# Why do electrons not fully fill up all the orbitals sequentially?

Why do electrons not fully fill up all the orbitals sequentially? By this I mean: why don't the electrons fully take up the previous orbit first and then move onto the next orbit? Take calcium for example, it's electron config is 2, 8, 8, 2. Why isn't it 2, 8, 10? Why does another orbit need to be created when there are still many spots to fill up?

(I know that this is a chemistry question in a physics forum, but I really could not find a chemistry or even a broader science type forum here )

This is well explained on the basis of sub shell electronic configuration. But first, let's look it by the concept of shells alone. See in the example of calcium, it has $20$ electrons. Of course the outermost shell can accommodate $18$ electrons. If it goes like $2,8,10$ then the outermost shell contains 10 electrons. The stable state is either having an octet (8) or completely filled state (18) in the outermost shell. To achieve stability, Calcium has to either take 8 more electrons or give up 2 electrons. Giving up 2 electrons is more easy. But for that only two electrons should be present in the valence shell. But we have 10 here. So the two have to go to the next energy level so that the electronic configuration becomes $2,8,8,2$. Now, there are only two electrons in the valence shell and hence when you give energy, 2 electrons in the valence shell move out of the atom, thereby making the atom stable. This statement may look a little weird. But the philosophy behind this is like this. But, more scientifically, we can explain using the sub shell and orbital concepts. If you are interested in knowing that, I have explained it below.

The shells $K,L,M,N$ contain sub-energy levels. The shells we actually call are energy levels of electrons. But theories based on quantum mechanics states that the bounded electrons have sub energy levels also. The sub shells are named as $s$ (sharp), $p$ (principal), $d$ (diffuse) and $f$ (fundamental). In each of these sub shells, there are regions of high probability of electron there. Such regions in the sub energy levels are called orbitals. So the electron energy levels are given by the sub energy levels (sub shells) associated to a main energy level (shells). Inside each sub shell, we have an orbital. Each of these orbitals could accommodate a maximum of $2$ electrons. Now, let's look at the number of orbitals. If I represent the energy level (or the shell number) by the letter $n$, then for the $n^{th}$ shell, there will be n sub shells. i.e., the $K$ shell ($n=1$) contain $s$ orbital only, $L$ shell ($n=2$) contain $s$ and $p$, $M$ shell ($n=3$) contain $s$, $p$ and $d$ sub shells and finally our $N$ shell contains $s$, $p$, $d$ and $f$ sub shells. Now to distinguish the sub shells belonging to different shells, we attach the serial number of the shell on the left of the sub shell and the electron number in that sub shell on the top right. For example, the $s$ sub shell containing $1$ electron belonging to the $M$ shell is represented as $3s^1$.

Now, let's see how to write the sub shell electronic configuration based on the increasing order of energy levels. It can be easily remembered as follows:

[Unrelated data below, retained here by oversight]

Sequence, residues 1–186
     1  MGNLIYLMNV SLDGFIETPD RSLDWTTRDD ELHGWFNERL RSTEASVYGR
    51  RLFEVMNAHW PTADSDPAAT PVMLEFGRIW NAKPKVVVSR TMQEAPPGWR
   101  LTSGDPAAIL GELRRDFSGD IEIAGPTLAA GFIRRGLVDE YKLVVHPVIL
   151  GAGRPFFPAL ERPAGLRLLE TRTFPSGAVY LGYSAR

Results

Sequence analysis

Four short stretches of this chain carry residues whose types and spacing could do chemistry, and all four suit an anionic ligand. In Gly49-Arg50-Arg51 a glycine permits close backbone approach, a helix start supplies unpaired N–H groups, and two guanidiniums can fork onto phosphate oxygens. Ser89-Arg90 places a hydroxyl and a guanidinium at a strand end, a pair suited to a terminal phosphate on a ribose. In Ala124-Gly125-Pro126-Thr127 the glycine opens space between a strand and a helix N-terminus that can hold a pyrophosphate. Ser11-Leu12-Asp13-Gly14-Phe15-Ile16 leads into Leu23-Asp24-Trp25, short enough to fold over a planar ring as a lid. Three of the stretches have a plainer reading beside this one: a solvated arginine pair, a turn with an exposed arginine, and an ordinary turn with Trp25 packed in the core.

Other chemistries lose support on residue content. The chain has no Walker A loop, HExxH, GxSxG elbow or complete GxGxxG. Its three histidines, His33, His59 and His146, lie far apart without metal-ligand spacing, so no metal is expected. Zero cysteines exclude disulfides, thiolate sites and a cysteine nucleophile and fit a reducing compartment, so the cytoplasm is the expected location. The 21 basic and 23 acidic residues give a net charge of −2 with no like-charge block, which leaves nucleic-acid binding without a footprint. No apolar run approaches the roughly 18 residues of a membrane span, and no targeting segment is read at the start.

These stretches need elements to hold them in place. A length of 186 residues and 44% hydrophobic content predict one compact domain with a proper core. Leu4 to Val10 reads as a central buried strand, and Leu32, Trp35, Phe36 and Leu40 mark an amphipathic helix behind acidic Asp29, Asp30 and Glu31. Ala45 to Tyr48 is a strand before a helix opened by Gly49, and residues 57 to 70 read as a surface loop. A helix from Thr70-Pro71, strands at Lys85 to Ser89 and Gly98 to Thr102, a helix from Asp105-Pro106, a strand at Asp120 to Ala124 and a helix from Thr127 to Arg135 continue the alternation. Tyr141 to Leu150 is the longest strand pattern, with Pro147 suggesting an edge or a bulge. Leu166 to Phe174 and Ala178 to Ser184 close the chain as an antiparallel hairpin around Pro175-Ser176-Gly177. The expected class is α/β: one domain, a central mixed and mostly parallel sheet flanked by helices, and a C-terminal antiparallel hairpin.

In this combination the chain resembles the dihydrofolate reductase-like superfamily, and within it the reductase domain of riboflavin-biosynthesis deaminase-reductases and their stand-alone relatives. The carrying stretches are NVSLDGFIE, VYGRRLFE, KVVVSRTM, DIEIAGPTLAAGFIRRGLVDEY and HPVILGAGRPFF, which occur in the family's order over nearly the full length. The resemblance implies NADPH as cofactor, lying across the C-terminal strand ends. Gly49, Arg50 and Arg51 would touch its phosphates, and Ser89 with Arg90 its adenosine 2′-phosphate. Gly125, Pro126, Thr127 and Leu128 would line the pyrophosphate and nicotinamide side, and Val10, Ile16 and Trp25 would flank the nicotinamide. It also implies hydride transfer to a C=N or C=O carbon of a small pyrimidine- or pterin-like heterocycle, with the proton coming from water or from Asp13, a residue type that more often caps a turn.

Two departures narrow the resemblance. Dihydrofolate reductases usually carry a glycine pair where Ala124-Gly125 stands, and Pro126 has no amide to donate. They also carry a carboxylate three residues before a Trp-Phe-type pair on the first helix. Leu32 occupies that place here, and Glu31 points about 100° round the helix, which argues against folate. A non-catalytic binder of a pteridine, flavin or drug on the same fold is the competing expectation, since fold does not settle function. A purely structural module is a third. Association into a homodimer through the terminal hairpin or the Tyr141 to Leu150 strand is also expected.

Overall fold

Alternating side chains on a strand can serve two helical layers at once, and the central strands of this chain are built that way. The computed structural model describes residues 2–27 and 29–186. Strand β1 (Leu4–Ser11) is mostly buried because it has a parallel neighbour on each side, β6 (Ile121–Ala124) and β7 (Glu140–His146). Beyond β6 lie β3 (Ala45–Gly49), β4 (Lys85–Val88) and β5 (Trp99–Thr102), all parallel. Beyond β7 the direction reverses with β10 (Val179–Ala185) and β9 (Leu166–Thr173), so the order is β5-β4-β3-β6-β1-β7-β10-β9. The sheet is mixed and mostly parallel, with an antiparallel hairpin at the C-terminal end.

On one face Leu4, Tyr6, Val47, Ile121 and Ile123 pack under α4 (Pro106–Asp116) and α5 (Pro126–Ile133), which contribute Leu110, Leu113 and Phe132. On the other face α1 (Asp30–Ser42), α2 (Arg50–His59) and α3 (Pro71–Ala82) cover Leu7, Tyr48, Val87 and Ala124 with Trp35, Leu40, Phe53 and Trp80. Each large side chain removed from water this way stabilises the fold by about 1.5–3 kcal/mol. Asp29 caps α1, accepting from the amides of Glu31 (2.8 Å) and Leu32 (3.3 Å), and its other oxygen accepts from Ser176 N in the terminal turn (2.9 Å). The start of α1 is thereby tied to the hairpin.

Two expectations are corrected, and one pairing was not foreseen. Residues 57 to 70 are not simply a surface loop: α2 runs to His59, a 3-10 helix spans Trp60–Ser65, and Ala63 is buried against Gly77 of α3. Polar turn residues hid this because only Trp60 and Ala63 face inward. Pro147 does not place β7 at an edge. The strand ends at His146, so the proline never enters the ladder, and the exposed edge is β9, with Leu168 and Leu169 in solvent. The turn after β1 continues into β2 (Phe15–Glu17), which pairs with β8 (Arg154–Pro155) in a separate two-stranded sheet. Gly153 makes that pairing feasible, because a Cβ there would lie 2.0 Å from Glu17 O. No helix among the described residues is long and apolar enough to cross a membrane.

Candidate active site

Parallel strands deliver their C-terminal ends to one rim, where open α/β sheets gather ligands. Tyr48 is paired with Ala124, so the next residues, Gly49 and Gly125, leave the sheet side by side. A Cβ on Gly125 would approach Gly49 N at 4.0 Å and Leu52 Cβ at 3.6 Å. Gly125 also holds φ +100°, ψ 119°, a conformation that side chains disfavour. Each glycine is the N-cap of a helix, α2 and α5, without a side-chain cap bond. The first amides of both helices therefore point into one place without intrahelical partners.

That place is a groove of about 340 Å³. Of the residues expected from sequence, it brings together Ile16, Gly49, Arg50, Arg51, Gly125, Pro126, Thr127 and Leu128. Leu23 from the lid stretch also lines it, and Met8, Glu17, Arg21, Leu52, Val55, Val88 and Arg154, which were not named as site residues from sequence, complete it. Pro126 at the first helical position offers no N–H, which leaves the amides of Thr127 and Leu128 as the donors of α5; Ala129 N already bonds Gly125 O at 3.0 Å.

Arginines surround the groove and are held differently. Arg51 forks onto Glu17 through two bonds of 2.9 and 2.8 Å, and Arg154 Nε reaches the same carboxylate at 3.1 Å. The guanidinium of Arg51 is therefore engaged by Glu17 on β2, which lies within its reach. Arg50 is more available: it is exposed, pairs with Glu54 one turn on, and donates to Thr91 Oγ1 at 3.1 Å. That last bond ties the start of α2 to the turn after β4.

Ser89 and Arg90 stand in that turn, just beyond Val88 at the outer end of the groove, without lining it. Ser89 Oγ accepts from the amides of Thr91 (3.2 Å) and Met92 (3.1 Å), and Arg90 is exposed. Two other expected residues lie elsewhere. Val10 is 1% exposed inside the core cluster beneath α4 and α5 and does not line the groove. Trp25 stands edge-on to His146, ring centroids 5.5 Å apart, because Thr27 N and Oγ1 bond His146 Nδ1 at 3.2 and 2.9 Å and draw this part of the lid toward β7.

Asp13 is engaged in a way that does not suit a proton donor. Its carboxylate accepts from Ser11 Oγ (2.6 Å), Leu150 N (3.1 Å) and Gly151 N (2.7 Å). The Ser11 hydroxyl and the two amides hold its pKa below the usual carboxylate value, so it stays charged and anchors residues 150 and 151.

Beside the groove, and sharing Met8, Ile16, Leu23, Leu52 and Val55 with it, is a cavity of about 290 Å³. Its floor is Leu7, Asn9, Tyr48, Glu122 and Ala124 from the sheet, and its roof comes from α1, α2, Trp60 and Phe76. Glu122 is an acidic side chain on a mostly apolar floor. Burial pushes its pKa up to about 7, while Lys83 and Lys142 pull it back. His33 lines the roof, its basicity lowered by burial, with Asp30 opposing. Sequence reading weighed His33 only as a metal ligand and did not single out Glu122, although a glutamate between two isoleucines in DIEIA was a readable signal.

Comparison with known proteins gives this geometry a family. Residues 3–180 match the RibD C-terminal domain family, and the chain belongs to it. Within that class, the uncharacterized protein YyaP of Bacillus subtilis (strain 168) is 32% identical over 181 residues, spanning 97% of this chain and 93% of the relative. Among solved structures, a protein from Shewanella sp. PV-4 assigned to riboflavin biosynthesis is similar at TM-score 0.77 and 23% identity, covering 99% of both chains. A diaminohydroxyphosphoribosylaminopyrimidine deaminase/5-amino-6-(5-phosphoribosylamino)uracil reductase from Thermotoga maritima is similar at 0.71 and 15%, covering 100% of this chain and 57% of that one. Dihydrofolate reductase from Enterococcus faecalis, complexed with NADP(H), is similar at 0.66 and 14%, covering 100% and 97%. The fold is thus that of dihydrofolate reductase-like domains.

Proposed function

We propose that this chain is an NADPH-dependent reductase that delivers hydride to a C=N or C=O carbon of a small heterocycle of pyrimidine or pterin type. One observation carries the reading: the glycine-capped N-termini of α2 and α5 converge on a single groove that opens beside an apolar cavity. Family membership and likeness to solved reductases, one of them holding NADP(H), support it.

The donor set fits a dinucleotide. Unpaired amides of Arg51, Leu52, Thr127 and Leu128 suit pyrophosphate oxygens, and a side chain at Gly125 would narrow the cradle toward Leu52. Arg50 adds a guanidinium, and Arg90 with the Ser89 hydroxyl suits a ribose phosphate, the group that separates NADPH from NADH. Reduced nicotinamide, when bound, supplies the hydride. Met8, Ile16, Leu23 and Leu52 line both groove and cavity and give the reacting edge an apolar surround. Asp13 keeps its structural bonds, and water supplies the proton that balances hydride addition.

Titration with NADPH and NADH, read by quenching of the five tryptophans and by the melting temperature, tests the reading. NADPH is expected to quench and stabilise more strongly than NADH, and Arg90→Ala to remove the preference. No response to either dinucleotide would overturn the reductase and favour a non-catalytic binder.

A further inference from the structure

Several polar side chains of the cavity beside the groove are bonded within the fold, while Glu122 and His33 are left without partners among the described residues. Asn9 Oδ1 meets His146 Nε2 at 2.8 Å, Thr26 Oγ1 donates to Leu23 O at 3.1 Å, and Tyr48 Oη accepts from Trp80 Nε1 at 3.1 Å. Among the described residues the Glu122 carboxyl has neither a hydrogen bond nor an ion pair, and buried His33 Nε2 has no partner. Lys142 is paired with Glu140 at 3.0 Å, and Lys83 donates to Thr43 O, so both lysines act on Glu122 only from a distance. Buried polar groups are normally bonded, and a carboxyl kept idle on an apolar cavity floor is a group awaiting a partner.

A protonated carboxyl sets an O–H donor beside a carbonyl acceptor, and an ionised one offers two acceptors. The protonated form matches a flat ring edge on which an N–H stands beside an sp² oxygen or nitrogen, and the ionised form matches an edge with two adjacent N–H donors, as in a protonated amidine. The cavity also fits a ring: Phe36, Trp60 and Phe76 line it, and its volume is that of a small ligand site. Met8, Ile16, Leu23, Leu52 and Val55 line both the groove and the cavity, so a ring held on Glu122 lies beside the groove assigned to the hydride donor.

The arrow points in the increasing order of energy. This is the order of filling of electrons in the sub shells. i.e., the electrons fill in the order of $1s, 2s, 2p, 3s, 3p$ etc. But, to write the sub shell electronic configuration, we need a little bit more.

The $s$ sub shell contains only one orbital, that is spherically shaped. The $p$ sub shell contain three orbitals (i.e., p could accommodate a maximum of 6 electrons) and are dumb-bell shaped. $d$ shell contain five orbitals (implies $d$ could accommodate a maximum of 10 electrons) and $f$ shell contain seven orbitals (14 electrons maximum) (their shapes are a little bit complicated).

Now, one more thing to note. The $d$ and $f$ sub shells have a peculiarity. The half-filled $d$ or $f$ sub shell ($d^5$ or $f^7$) and the completely filled $d$ or $f$ sub shell ($d^{10}$ or $f^{14}$) are much stable than the other configurations. So instead of having a sub shell configuration like $d^4s^2$ and $d^9s^2$, the stability prefers the configuration to be manipulated as $d^5s^1$ and $d^{10}s^1$ respectively. Similarly instead of having the configurations $f^6s^2$ and $f^{13}s^2$, the stability requires the configuration to be changed as $f^7s^1$ and $f^{14}s^1$ respectively. Thus we have a quick crash course on electronic configurations.

Now, let's take the example of $_{20}Ca$ itself. The sub shell electronic configuration reads:

$$1s^22s^22p^63s^23p^64s^2$$

You can look at the energy level diagram. So, from this we can write the shell electronic configuration. First of all we look how many electrons are there in the $K$ shell. It is only $2$ electrons ($1s^2$). Now, the $L$ shell contains $8$ electrons ($2s^22p^6$). The M shell contain another $8$ electrons ($3s^23p^6$) and finally, the outermost $N$ shell contain $2$ electrons ($4s^2$). Thus the shell-wise configuration reads:

$$2,8,8,2$$

Try practicing with other elements.

Cheers

• WOW! thanks :) i got your point and then I tested the theory with gold as well and it seemed to hold true. So does this mean that an atom will try to fill up all the previous rings until it cannot fill one completely and then tries to go for the closest stable number? (i know that in chemistry there always will be exceptions, like how uranium sorta defies this rule, but is this the genral case? and could you also explain why uranium behaves like this, as it's 2nd last shell still has 9 and it's last shell has 2, why not 8 and 3?) Thank you – John Hon May 13 '16 at 13:38
• – UKH May 13 '16 at 15:57
• Also you should see this:hermes.phys.uwm.edu/projects/elecstruct/hermsk/ElecConfigs.html – UKH May 13 '16 at 16:11